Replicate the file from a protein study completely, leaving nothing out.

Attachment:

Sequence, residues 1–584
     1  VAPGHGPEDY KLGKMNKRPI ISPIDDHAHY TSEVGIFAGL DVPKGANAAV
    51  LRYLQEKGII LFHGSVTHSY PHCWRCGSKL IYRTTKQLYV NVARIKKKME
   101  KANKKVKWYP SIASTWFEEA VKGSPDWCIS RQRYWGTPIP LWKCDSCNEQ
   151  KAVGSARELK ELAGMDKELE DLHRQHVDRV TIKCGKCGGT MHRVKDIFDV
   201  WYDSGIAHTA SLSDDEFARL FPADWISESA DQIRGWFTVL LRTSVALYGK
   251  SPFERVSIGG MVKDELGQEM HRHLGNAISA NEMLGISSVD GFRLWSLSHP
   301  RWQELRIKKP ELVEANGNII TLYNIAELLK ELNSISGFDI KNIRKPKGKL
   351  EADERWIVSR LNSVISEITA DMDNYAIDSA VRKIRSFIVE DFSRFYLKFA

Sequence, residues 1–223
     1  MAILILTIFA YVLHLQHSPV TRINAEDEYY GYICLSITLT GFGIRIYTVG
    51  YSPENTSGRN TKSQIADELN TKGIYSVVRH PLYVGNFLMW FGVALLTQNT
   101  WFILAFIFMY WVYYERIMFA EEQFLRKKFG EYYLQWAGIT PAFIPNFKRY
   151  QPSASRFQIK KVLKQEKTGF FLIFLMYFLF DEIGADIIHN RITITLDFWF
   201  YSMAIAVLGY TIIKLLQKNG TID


Sequence, residues 1–584
     1  VAPGHGPEDY KLGKMNKRPI ISPIDDHAHY TSEVGIFAGL DVPKGANAAV
    51  LRYLQEKGII LFHGSVTHSY PHCWRCGSKL IYRTTKQLYV NVARIKKKME
   101  KANKKVKWYP SIASTWFEEA VKGSPDWCIS RQRYWGTPIP LWKCDSCNEQ
   151  KAVGSARELK ELAGMDKELE DLHRQHVDRV TIKCGKCGGT MHRVKDIFDV
   201  WYDSGIAHTA SLSDDEFARL FPADWISESA DQIRGWFTVL LRTSVALYGK
   251  SPFERVSIGG MVKDELGQEM HRHLGNAISA NEMLGISSVD GFRLWSLSHP
   301  RWQELRIKKP ELVEANGNII TLYNIAELLK ELNSISGFDI KNIRKPKGKL
   351  EADERWIVSR LNSVISEITA DMDNYAIDSA VRKIRSFIVE DFSRFYLKFA

Sequence, residues 1–223
     1  MAILILTIFA YVLHLQHSPV TRINAEDEYY GYICLSITLT GFGIRIYTVG
    51  YSPENTSGRN TKSQIADELN TKGIYSVVRH PLYVGNFLMW FGVALLTQNT
   101  WFILAFIFMY WVYYERIMFA EEQFLRKKFG EYYLQWAGIT PAFIPNFKRY
   151  QPSASRFQIK KVLKQEKTGF FLIFLMYFLF DEIGADIIHN RITITLDFWF
   201  YSMAIAVLGY TIIKLLQKNG TID